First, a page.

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In Bars & Clubs

Otto's Beverage Center tapes every fake ID they confiscate to the wall. They have hundreds.

In Bars & Clubs

The top fake is a color copy of a real ID and the bottom was made from a Blockbuster card. (If you flip it over it says "Blockbuster" and has a bar code on it).

Milwaukeeans fess up to using fake IDs


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For the under-21 set, there's a lot of power in a plastic card. A driver license reflecting a legal drinking age for some underagers is a golden ticket granting entrance into otherwise-off-limits places and allows them to play the booze-buying big shot for their equally-as-underaged friends.

Back in the day, fake ID-making involved car travel or mail order, but today, like most things, young'uns have to look no further than the Internet. YouTube videos demonstrate how to make fake IDs and online businesses sell them for as low as $20. However, the chances of any of these IDs actually working are next to nil. Liquor store owners, bartenders and bouncers are highly skilled in spotting a fake or tampered-with ID.

"We get a couple a week," says Pat Nelson, an employee / owner at Otto's Beverage Center, 3476 N. Oakland Ave.

Nelson says most of the time the IDs are real but being used by someone who is clearly not the same person. Otto's has a "wall of shame" showcasing hundreds of confiscated IDs, including one made from a Blockbuster card, another from an elementary school ID and one from photo paper.

According to the Wisconsin Department of Transportation, the fine for using fake driver licenses or ID cards is $200 to $600 and / or six months in prison for the first offense. After the first offense, the fine increases to $2,000 and mandatory prison time is enforced. Manufacturers of fake IDs face more severe penalties which can include a $10,000 fine and three years or more prison time.

And yet, the consequences haven't stopped people from making, buying and using fake IDs for generations. Last year, Andy Tarnoff wrote an article about fake IDs from the bartenders' perspective. Here, Milwaukeeans who used false forms of identification weigh in with their stories.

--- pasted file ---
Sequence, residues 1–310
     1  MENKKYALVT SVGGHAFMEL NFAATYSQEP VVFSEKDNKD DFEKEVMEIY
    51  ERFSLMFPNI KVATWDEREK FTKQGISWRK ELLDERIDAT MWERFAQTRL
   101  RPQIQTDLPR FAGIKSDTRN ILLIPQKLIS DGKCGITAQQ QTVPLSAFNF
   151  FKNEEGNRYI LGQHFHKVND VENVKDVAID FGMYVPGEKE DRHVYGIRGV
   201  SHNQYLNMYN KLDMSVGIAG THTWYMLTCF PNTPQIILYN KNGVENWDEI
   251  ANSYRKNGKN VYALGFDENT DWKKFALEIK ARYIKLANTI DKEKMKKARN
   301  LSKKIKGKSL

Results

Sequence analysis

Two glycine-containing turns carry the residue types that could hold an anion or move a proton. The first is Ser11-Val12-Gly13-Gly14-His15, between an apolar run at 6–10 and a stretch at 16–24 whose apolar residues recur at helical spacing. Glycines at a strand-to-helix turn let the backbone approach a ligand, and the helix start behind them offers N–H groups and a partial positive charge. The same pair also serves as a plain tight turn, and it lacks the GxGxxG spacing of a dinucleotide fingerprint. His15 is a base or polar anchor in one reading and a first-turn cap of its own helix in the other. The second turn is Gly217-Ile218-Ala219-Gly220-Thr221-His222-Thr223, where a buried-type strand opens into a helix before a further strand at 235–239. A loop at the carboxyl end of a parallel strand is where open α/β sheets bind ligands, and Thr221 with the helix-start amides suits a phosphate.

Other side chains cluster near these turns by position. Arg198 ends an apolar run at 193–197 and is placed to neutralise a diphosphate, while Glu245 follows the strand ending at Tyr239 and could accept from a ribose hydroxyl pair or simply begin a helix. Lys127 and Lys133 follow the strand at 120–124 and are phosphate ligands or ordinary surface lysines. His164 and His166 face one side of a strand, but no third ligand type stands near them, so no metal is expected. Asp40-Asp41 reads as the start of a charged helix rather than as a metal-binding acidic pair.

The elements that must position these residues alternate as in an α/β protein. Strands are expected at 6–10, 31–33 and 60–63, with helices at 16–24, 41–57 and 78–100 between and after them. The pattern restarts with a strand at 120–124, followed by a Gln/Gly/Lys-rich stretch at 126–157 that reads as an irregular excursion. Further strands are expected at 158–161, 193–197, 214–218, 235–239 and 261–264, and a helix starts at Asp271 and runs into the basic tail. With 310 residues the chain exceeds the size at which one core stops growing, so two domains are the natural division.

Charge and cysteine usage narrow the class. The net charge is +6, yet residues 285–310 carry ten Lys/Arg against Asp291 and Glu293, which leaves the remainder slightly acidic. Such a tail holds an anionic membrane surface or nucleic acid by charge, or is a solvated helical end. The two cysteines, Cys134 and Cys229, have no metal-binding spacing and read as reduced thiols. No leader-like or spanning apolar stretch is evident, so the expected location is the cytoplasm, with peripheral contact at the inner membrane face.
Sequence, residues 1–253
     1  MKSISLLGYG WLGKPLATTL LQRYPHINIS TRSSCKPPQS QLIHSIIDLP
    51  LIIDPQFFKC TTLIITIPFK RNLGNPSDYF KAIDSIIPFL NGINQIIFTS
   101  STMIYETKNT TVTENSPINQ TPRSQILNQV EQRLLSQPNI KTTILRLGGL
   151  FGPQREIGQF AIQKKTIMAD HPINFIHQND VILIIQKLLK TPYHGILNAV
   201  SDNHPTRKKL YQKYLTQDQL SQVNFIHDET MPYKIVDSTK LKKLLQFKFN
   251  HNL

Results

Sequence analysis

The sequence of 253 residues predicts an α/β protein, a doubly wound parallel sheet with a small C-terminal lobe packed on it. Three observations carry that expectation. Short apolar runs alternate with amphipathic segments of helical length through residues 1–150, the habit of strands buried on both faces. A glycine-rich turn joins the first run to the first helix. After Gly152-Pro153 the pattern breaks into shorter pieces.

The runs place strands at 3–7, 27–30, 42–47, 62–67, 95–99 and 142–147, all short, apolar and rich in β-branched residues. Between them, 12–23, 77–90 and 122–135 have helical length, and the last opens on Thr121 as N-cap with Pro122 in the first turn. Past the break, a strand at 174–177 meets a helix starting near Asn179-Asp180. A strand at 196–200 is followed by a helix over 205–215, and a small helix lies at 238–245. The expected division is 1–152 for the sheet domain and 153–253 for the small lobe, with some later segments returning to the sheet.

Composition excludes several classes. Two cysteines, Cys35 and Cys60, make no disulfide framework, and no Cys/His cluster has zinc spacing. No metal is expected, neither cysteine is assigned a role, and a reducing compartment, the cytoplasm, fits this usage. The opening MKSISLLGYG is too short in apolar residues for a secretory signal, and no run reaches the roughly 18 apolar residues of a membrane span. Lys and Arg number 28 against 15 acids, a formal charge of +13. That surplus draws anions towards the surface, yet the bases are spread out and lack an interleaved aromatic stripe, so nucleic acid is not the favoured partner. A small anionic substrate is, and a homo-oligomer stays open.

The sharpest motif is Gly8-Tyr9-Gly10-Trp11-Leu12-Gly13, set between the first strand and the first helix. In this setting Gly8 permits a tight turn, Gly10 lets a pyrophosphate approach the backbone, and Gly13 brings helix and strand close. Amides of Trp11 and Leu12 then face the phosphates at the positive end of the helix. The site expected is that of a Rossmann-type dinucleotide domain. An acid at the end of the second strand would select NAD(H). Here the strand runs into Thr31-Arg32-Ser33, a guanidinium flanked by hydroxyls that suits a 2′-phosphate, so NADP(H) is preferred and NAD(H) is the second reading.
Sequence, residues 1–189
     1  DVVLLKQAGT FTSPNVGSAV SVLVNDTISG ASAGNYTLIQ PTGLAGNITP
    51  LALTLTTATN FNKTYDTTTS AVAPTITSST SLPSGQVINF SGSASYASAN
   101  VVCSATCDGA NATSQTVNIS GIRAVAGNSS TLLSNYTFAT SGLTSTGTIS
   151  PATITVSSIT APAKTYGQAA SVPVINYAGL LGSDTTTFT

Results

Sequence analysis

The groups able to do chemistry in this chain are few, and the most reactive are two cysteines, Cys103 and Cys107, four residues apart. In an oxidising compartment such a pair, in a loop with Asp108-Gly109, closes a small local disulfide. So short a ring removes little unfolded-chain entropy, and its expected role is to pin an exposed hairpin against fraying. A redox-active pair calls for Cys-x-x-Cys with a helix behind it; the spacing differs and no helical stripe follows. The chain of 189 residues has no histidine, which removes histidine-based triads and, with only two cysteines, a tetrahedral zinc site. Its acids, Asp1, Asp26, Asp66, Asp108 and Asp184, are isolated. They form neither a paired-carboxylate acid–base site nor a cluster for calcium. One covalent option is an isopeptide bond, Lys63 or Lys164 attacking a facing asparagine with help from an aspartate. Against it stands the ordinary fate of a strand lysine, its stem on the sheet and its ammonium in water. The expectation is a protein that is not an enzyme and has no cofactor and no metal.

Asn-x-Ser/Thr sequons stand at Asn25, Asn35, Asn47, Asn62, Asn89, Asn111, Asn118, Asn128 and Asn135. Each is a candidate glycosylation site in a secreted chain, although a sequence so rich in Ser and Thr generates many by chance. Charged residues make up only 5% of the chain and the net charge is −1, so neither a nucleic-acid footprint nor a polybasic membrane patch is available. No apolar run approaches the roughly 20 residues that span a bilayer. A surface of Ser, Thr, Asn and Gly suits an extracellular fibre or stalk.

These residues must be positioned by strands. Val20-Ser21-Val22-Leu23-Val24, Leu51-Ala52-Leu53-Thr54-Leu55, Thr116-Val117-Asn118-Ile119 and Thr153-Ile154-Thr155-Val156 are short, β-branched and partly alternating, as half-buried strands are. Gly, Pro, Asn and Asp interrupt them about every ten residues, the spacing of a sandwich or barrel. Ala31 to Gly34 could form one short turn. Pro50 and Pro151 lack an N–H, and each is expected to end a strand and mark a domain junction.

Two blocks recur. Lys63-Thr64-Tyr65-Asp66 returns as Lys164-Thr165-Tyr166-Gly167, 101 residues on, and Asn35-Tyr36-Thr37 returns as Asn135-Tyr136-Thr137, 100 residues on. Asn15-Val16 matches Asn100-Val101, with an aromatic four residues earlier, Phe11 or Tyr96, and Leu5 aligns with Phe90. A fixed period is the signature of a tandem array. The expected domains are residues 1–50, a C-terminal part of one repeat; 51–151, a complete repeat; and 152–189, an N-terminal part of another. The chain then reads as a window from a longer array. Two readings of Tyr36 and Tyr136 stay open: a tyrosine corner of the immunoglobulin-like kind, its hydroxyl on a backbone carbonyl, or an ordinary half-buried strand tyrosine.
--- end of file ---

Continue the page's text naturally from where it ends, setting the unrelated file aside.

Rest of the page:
Traveling to another state was common for fake ID seekers. Connie Grunwaldt went all the way to Colorado for hers.

"(The ID maker) had bulletproof glass, guns on the wall, dogs and a metal detector," says Grunwaldt.

In 1983, Robert Szocik – who was a high school student at the time – drove to Henderson's Studios on Addison Avenue in Chicago to buy what was rumored to be a "real" fake ID. The cost was $12.50 each and Szocik decided to buy two so he had one as a back-up.

"You got to pick your own state. I had two from Indiana and they worked for about three or four years until they both finally got nabbed," says Szocik.

Jenni Buehler purchased one for $50 in the mid-90s from a black-windowed, strip mall storefront in Gary, Ind. She remembers posters of official IDs from each state were hanging on the walls and stacks of telephone books for choosing names and addresses lined shelves around the room.

"I decided the of-legal-drinking-age me would be from Michigan," she says. "Of all the other choices offered, their ID format was the least sophisticated for the changing times, and I wasn't looking to have the thing confiscated for missing some official seal or watermark."

Buehler says it worked like a charm for several months in many different states, but she lost it when a police officer pulled her over for speeding and saw it peeking out from the wallet window when she removed her valid Wisconsin license above it.

"Smooth," she says.

Mitchell Wakefield ordered his first fake ID from the back of a Rolling Stone magazine. It was from the state of Idaho and it was eventually confiscated. His second fake ID was purchased when he and some friends drove to what he remembers as a "seedy neighborhood on California Avenue in Chicago." Wakefield had better luck with this one.